We, on the other hand, are paragons of correctness, totally removed from error.  Right?…

Read more.

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“Almond Joy” (2004)

… How far should we go for positive PR? …    Any intelligent person HAD to understand by now that Moses was on the level…Why didn’t Moses tell them to take it as it is or leave it?  “I’m in charge and that’s the way it is.  If you don’t like it, go find yourself another desert!!” …

Read more.

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“True Blue” (2003)

…  What difference does it make whether the blue is on the string or on the clothes?  For that matter, does it really matter what type of dye you use?  You want blue?  You’ve got blue!  What difference does it make whether the Mezuzah paragraphs are on the doorpost or in the room?  You want Shema Yisrael?  You’ve got Shema Yisrael!…

Read more.

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“Flat Tax” (2002)

… The farmer works hard to grow his crops.  Along comes “Mr. Levine” (or Levy or Levitt, or possibly even Goldstein!) who didn’t work the fields and says, “I’m a Levite; I’d like my 10% please.” Mr. Levine, who has received his 10% of the farmer’s produce, must then give 10% of HIS take to “Mr. Cohen” (or Katz, or Klein, or Goldstein.)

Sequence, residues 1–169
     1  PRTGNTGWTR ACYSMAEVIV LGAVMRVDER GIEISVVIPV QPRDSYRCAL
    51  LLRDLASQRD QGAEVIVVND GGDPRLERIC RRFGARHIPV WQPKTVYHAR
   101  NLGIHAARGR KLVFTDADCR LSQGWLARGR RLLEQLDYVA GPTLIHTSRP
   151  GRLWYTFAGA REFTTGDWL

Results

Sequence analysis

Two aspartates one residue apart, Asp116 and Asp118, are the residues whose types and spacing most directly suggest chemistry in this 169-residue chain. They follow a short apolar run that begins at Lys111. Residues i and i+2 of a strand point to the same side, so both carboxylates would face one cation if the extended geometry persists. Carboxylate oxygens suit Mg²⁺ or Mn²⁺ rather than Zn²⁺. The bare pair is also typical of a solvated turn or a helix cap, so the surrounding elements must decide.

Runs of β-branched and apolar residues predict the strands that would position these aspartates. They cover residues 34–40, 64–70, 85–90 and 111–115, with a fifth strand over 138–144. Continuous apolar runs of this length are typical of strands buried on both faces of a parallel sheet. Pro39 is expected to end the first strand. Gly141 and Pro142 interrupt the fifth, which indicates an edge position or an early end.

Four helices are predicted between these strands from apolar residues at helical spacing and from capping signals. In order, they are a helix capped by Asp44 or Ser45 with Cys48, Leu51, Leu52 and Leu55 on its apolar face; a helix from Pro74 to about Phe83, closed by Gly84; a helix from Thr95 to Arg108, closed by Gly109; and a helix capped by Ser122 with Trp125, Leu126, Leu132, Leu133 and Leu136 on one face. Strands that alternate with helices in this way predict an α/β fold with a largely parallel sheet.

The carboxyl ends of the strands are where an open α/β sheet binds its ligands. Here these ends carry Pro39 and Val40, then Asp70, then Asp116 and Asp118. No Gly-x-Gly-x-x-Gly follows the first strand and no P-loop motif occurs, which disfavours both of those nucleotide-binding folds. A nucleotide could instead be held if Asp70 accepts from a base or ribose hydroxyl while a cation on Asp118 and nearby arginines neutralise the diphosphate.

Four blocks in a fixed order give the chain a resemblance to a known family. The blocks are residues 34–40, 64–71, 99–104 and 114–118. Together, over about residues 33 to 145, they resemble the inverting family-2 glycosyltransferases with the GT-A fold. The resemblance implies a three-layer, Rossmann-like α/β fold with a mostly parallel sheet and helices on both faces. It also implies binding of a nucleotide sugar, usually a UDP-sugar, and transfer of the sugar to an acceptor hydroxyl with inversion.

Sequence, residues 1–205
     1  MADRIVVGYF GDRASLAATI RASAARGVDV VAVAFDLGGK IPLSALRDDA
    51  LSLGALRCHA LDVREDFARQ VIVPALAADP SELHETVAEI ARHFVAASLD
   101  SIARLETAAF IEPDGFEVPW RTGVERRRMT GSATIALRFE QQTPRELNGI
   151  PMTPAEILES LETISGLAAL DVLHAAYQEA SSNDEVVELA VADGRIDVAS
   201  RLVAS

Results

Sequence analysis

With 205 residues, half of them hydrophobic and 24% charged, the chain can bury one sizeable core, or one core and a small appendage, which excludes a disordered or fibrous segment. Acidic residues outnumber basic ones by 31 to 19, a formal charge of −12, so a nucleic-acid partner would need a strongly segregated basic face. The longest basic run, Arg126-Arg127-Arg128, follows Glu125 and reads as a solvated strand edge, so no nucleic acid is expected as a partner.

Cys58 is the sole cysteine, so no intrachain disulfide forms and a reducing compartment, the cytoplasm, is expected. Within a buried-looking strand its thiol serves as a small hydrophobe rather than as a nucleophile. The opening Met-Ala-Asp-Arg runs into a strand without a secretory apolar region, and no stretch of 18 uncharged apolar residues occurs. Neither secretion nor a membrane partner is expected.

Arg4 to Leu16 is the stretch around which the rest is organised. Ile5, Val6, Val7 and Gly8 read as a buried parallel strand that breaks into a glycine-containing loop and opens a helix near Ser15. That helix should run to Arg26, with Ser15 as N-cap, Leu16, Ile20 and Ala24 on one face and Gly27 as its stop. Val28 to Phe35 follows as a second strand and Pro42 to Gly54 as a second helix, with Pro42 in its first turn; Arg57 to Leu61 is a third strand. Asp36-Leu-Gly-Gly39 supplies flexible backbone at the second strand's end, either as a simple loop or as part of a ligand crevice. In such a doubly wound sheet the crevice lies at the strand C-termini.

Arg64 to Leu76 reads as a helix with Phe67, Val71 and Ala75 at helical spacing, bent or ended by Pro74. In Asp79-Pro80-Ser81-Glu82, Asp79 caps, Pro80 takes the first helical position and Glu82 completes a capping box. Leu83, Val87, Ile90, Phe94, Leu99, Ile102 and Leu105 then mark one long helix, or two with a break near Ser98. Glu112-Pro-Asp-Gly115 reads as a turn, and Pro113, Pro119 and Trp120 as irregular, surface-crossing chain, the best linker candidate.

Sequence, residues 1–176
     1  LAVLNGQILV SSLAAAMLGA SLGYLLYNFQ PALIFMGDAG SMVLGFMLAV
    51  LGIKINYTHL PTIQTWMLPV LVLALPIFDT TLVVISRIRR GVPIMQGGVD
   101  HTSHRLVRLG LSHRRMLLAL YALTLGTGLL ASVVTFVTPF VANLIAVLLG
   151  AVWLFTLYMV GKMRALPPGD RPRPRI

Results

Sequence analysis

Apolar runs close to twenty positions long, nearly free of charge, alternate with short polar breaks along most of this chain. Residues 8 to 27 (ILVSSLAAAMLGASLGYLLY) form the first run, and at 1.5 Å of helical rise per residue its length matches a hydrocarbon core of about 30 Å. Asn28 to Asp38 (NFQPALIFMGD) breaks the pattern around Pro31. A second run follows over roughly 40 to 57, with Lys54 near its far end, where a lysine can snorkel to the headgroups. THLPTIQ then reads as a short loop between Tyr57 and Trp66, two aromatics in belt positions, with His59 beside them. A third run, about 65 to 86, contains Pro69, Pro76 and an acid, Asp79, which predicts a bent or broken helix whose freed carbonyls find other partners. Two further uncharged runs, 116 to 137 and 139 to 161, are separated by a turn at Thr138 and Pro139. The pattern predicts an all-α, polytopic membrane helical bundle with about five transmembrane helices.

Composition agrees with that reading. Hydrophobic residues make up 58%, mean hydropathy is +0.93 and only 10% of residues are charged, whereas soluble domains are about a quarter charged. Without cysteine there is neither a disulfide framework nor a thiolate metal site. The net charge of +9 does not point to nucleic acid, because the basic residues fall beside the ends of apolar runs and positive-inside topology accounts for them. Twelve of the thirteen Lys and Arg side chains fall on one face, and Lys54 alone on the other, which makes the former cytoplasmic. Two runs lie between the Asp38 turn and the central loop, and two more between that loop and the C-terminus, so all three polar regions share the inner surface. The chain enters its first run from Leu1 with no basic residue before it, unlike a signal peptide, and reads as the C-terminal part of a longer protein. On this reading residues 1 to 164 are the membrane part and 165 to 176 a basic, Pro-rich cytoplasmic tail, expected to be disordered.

Why should the farmer and the Levite give the same percentage?  The farmer had to break his back to grow that wheat! The Levite gets a windfall! Let him pay more!

Similarly, if I work hard 40 hours a week, I have to give 10% of my income to charity.  The recipient, who didn’t have to work for the money, should be “taxed” at a higher rate! (Lottery winnings are taxed at a higher rate than earned income.) Why is the worker treated the same as the gift recipient?…

 Read more.

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“There’s More to Being Right Than Just Not Being Wrong” (2001)

Every rabbi has a few.  There’s always someone looking to challenge the leadership with complaints of imagined misdeeds.  Moses certainly had his share of detractors.  Most noteworthy in the group are Dathan and Abiram, adversaries since Egyptian days, and Korach, the star rabble-rouser of this week’s Torah Portion…

Read more.

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This is the weekly message at www.torahtalk.org.   Copyright © 2000-2011 by Rabbi Yerachmiel Seplowitz.  May be reprinted. Please include copyright information.

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Rabbi Yerachmiel Seplowitz is a Mohel (www.Brisrabbi.com) and chaplain in Monsey, New York. For information about scheduling a Bris or a lecture, or just to say hello, call (800) 83MOHEL.

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Published in: on June 20, 2004 at 8:02 am  Leave a Comment